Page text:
Since learning how to communicate, Gordy has continued to amaze his parents with his knowledge. They have been reading about Mount Vesuvius, the only active volcano in Europe, and they asked him if he knew of an active volcano in the United States. He typed, "Mt St. Helen." They'd never taught him that. He had seen it once on the cover of a magazine in a doctor's waiting room, he told them.
"They do comprehend. They've been learning and listening their whole life," said Elizabeth Vosseller, the director at the therapy centre. "All the information is constantly going in and they never really forget it. It's such a revelation - so much is revealed about the kids when they start sharing."
This happened recently when his parents showed him photos from his bar mitzvah and he asked why he'd never seen them before. He wanted his own copies on his iPad. For six months before the Jewish rite of passage, a therapist had worked with him to sound out the Hebrew words to the first line of the "Shema," a daily prayer. It was a huge achievement for him. But his parents had never thought to show him the photos.
"The sky's the limit for him now. I believe he can do whatever he wants," Evan Baylinson, 49, said. They've asked him what kind of job he'd be interested in and he said that he'd like to be a researcher for Time magazine. Now that they know he understands, they've been reading him Harry Potter. He's been following the presidential election.
When Gordy answered several questions from a reporter he sat quietly, showing no external signs of all that he was feeling inside. But his answers showed he feels profoundly.
Q: Why did you write your letter?
A: Meghann suggested it and I'm so glad, it was something my entire being felt compelled to do.
Q: Why did you feel so strongly about it?
A: I've heard too many tragic stories of the mistreatment and mishandling of autistics due to lack of knowledge. It breaks my heart because I know no one is truly at fault.
Q: Are you excited to meet everyone on Friday?
A: Absolutely, I never expected this but I'm jumping around like a madman inside.
Q: What is your favourite thing to do?
A: I love learning new things, iPads, I love communicating and typing with this gal on my right.
Parkinson blushed and tousled Gordy's hair. "Oh Gordy," she said, teasingly.
Then she asked him if he had any closing thoughts.
"Thank you for seeing my potential," he typed, "and helping my words, my story, and my manly voice get out there."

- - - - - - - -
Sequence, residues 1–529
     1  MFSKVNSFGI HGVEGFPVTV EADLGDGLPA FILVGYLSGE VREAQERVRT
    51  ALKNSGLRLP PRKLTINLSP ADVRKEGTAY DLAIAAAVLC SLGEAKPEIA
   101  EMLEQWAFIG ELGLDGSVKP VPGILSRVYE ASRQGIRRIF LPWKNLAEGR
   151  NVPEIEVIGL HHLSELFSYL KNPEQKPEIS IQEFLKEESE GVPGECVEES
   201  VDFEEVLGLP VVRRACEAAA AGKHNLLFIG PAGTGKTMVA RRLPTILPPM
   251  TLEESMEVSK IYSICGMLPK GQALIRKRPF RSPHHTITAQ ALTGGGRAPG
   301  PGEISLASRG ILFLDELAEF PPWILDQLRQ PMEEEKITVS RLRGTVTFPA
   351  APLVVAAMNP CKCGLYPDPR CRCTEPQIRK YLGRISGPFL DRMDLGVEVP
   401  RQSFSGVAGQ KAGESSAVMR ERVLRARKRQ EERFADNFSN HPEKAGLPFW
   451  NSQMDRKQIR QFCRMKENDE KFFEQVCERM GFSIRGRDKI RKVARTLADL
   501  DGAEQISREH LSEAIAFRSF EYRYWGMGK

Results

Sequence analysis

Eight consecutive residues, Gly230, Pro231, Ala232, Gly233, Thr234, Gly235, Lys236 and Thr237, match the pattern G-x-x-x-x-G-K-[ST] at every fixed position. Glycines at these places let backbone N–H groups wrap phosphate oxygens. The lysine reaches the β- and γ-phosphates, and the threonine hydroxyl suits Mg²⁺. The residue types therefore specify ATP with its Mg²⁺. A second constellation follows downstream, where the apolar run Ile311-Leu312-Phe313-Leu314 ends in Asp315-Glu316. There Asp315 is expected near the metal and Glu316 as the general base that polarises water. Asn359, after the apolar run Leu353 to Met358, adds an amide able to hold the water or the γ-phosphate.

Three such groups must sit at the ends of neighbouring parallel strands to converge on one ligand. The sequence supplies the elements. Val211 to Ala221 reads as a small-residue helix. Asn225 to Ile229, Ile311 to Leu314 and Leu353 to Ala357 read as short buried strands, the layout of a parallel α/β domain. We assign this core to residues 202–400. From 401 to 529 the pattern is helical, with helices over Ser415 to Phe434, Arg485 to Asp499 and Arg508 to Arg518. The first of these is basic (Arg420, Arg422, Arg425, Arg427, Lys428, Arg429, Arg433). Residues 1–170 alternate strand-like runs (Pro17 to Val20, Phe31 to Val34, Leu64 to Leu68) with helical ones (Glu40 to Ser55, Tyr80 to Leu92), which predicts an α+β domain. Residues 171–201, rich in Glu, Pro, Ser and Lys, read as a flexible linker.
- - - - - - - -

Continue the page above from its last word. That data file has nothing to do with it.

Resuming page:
Read Gordy's full letter:
My name is Gordy, and I am a teenager with nonspeaking autism. I prefer this term rather than low functioning, because if I am typing you this letter, which I am, I am clearly functioning. I felt very strongly about writing you today, to give a little extra insight on the disconnected links that were supposed to make my brain and body work together in harmony. But, they don't and that's okay. You see, life for me and others like me is like a daily game, expect not fun, of tug-of-war. My brain, which is much like yours, knows what it wants and how to make that clear. My body, which is much like a drunken, almost six foot toddler, resists.
This letter is not a cry for pity, pity is not what I'm looking for. I love myself just the way I am, drunken toddler body and all. This letter is, however, a cry for attention, recognition and acceptance. With your attention, I can help you recognise the signs of nonspeaking autism. If you can recognise the signs, then you will be able to recognise our difference which then leads to the understanding of those differences which brings us to the wonders of acceptance. With these simple ingredients, together we can create a safe, welcoming and happy environment for both autistics and neurotypicals alike.
The physical signs to look for are flapping hands or some other socially unacceptable movement, words, noises or behaviour in general. That's uncontrollable. With a mind and feelings much like everyone else's, do you truly believe we like acting that way? I don't, that's for sure.
If one becomes aggressive, with biting or hitting for example, obviously protect yourself but there is no reason to use aggression in return. Remember, this aggression, is an uncontrollable reaction, most likely triggered by fear.
Nothing means more to people like us than respect. I can tell you with almost on hundred percent certainty the situation will go down a lot easier with this knowledge.
I have nothing but respect for you all and everything you do. If it weren't for you, I would never have had this opportunity to advocate for myself and other autistics. I look forward to meeting you.
- The Washington Post